Image: Wikimedia Commons / Oliver Keenan

Scotland’s universities failed to reduce student hall capacity

A number of Scotland’s largest universities failed to reduce the number of students allowed in halls of residence despite the need for social distancing, according to a BBC investigation.

Many student halls were 100% full, with guidance on remote teaching online altered at short notice, encouraging students to attend university in-person.

Professor Stephen Reicher, who is an advisor to both the UK and Scottish governments, said the failure was an “accident waiting to happen” and that the risks of Covid were “pretty clear”.

The failure to socially distance students has led to hundreds testing positive for the virus and thousands needing to self-isolate.

St Andrews University has asked all students to follow a “voluntary lockdown”, leading to some confusion over whether students can return home.

Students testing positive in halls have made up 10% of all coronavirus cases in Scotland since 19 September, according to BBC Scotland.

While some universities reduced their student halls capacity by as much as 50%, other universities like Edinburgh University and the Royal Conservatoire of Scotland in Glasgow were at 100% capacity.

Throughout the pandemic our prime concern has been, and remains, the health, safety and general well-being of our students and staff. This will always come before any financial considerations

– The University of Edinburgh

A spokesperson for the Royal Conservatoire stated that they “have a lease agreement with a purpose-built student accommodation provider for 164 ensuite rooms in a recently opened facility.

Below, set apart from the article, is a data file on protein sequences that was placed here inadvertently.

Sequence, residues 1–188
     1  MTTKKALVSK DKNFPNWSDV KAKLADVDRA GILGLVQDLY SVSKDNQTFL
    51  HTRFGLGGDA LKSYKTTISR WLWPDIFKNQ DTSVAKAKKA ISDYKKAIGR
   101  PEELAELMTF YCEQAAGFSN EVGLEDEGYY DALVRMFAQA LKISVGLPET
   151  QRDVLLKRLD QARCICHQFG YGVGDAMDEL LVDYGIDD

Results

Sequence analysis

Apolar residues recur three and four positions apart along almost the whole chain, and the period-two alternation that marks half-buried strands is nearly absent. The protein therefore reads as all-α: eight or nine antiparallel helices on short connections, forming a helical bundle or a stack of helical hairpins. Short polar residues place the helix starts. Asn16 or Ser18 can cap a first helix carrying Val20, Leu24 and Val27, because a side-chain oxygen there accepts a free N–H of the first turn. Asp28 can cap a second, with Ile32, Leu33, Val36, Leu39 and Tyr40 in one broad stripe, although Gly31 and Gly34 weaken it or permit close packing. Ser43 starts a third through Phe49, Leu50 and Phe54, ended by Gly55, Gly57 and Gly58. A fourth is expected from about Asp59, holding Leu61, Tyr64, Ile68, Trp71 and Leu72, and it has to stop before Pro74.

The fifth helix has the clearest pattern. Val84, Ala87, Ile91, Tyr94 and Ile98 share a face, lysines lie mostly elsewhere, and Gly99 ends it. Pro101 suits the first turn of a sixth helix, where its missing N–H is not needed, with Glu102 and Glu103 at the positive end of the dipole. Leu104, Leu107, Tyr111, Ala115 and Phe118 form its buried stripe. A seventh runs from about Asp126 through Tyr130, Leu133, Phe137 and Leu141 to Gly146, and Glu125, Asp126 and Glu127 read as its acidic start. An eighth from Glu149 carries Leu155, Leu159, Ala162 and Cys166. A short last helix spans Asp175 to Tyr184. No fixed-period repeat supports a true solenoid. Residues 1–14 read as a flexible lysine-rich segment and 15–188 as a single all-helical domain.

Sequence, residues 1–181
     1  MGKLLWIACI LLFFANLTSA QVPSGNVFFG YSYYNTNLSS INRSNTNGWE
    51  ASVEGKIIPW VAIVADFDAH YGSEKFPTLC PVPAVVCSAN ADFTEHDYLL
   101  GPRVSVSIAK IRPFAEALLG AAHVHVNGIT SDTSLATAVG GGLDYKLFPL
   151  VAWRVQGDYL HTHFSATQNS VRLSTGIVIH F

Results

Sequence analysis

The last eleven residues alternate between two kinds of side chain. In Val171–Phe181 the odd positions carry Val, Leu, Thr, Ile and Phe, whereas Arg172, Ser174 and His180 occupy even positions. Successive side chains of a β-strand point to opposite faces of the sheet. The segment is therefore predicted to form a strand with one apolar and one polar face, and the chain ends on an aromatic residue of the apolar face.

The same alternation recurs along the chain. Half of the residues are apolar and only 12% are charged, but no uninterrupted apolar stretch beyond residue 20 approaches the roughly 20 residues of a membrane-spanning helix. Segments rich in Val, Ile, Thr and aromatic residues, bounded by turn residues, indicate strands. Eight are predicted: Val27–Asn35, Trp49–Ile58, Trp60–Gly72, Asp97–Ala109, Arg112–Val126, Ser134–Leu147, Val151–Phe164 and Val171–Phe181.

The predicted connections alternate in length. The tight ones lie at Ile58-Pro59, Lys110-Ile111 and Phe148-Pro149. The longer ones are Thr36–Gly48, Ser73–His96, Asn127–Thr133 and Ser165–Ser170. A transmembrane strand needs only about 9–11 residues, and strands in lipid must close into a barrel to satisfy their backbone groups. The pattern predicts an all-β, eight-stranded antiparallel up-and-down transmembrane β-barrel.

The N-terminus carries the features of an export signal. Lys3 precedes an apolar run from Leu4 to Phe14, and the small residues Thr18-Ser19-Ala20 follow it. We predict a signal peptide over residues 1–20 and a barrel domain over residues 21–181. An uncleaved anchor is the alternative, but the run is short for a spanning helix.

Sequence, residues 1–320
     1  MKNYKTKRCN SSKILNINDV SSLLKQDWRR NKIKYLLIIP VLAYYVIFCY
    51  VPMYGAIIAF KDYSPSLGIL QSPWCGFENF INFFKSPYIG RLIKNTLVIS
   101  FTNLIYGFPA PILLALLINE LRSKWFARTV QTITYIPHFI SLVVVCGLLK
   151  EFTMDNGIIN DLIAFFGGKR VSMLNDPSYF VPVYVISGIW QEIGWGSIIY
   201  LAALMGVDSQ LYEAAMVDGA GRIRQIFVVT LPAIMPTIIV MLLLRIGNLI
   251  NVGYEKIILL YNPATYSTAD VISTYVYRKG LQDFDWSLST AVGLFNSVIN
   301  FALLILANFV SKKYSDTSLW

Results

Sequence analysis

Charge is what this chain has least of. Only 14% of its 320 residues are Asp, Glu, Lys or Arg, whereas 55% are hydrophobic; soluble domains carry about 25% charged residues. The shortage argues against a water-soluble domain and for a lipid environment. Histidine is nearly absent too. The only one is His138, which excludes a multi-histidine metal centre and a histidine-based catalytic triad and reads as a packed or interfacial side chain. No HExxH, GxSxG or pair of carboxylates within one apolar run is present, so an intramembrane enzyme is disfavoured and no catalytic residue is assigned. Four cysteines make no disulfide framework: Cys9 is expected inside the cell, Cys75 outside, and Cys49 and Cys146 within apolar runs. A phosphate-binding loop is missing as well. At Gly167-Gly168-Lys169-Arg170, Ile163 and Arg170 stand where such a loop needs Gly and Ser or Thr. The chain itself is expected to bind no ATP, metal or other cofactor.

“To date we have received no reported cases of Covid in our leased accommodation”.

Despite the Scottish Funding Council predicting financial losses for universities of up to £500m, organisations have performed far better due to a higher than expected number of students.

Although draft government guidelines for universities said that “work and study that can be done remotely must be done so”, this was later changed to focus on “blended” or “hybrid learning” at short notice, according to the Scottish branch of the University and College Union (UCU).

Carlo Morelli of UCU Scotland said that “if you’re telling students they have to come to campus, then they’re going to have to take up the accommodation that’s offered to them. So the push was from the universities to get students to come and take up their place in accommodation”.

Universities have also significantly increased the number of their properties involving private developers, with financial analyst Louise Cooper stating that had been caused by the explosion of student numbers.

She stated that the specific model of filling properties relies on “high occupancy, students in there, paying their weekly, monthly rents”, which could explain why student numbers weren’t adequately reduced.

The University of Edinburgh has remarked that “throughout the pandemic our prime concern has been, and remains, the health, safety and general well-being of our students and staff. This will always come before any financial considerations”.

Higher education minister Richard Lochhead also argued that testing of coronavirus should focus on students that demonstrated symptoms, with the Test and Protect regime involving self-isolation the most effective way to reduce the virus spreading.

Mr Lochhead stated there were “no hidden agendas” with the advice on blended learning and that “we’ve done our best”.

“I accept we’ll look back on this and think we’ve made mistakes, because we’re all dealing with a very difficult situation, where there are no easy options,” he added.

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